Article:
That said, I have to admit that it is tiresome to see the cycles of abuse/neglect repeated over and over followed by a shocked society when delinquents get cranked out.

How about some balance you know?
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#21 of 121 Old 04-26-2007, 04:29 PM
 
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I think Seung's mother probably was a SAHM in Korea at least when her kids were small (Seung was 8 when the moved) and my guess is back then at least most Korean mothers breastfed.

She tried to get him help through the church but to no avail -- I think they just didn't really realize what mental illness is and what to do about it, and until university he doesn't seem to have been violent.

I think in Columbine the parents were willfully ignorant and ignoring their kids to some extent, but in this case I think it's very different and the problem is more that something was messed up in his mind and no one recognized how much or knew what to do about it. No amount of SAHMing or breastfeeding would make a difference, if the chemical mess up is there anyway later on in life and requires professional mental health intervention.
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#22 of 121 Old 04-28-2007, 08:53 AM
 
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I am returning this thread. I have removed several posts for violating the User Agreement If anyone has any questions about their posts or has any concerns about MDC policies please pm and do not post to the thread.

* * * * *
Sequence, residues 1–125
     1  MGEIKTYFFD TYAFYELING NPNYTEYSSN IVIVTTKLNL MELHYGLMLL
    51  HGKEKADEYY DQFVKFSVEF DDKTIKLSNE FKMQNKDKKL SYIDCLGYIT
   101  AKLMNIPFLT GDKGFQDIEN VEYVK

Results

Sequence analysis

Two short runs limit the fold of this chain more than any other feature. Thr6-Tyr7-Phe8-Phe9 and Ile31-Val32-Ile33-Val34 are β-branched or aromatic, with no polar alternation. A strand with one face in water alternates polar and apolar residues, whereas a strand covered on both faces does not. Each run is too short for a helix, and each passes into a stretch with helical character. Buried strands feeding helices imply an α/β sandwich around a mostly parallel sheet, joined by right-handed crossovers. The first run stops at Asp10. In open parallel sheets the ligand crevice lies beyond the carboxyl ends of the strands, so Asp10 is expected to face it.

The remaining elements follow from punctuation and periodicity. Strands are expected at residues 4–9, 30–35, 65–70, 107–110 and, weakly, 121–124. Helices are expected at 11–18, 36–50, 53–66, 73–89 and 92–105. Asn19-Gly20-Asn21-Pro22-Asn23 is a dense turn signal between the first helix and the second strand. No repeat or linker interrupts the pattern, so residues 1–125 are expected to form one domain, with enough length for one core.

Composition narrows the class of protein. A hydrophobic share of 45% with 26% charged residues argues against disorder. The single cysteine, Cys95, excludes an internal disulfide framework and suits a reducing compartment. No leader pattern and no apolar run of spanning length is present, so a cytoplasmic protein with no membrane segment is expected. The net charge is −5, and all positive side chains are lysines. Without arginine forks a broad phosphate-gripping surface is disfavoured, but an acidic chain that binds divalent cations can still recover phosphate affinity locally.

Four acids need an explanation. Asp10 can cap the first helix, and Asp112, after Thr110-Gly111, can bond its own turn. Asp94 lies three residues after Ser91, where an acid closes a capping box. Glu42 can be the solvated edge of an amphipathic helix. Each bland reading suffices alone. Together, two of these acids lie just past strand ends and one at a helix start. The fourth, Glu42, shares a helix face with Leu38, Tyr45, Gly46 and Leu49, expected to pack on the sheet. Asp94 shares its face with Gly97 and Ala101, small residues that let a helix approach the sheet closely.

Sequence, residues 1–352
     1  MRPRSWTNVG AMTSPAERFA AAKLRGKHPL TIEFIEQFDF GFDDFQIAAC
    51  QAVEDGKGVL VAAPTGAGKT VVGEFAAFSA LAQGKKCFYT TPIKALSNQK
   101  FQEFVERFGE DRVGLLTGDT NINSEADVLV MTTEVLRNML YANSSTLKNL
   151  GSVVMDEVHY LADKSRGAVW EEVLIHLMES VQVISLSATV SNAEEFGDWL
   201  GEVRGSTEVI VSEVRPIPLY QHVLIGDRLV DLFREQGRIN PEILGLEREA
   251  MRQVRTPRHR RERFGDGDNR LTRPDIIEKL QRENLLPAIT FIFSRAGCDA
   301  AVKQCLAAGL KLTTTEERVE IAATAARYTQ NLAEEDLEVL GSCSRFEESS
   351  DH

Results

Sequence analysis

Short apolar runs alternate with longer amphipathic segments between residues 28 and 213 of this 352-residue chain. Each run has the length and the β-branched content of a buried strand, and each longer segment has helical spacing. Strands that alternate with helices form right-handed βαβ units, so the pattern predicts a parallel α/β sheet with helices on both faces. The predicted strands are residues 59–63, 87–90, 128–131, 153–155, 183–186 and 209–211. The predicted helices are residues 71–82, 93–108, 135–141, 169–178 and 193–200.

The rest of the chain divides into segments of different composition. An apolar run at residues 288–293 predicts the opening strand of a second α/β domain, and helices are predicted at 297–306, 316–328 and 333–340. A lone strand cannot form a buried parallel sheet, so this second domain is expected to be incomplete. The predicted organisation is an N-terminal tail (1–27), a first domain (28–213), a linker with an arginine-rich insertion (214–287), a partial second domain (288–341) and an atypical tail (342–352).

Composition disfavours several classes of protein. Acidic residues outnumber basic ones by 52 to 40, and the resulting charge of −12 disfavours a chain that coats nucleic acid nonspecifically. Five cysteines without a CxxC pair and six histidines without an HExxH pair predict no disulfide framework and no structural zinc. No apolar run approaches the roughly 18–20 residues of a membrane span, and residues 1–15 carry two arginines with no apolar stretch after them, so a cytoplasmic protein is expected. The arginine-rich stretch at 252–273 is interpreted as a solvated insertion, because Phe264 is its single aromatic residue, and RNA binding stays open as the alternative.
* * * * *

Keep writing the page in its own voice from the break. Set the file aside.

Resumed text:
Before reopening the thread to posting I would like to clarify the SAHMing Forum Guidelines.
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Please stick to specific topics of discussion that apply to your life as a SAHM or future SAHM. Any discussions that are of debate or have demeaning comments about mothers who have other lifestyle choices will be closed and the posters alerted or warned.
It is absolutely fine to state that you feel SAHMing is best, as long as it is not stated in the context of criticizing WAHMs or WOHMs. So, for example if you were to say "I feel staying at home is best" that would be fine. If you said "WOHMs are not putting their children first." that would not be fine. I hope this helps clarify what posting is and is not acceptable. Again if you have any questions or concerns please contact me via pm.

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#23 of 121 Old 04-28-2007, 09:41 AM
 
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I think you are confusing the issue. Good parenting does not prevent mental illness. Cho was unquestionably mentally ill.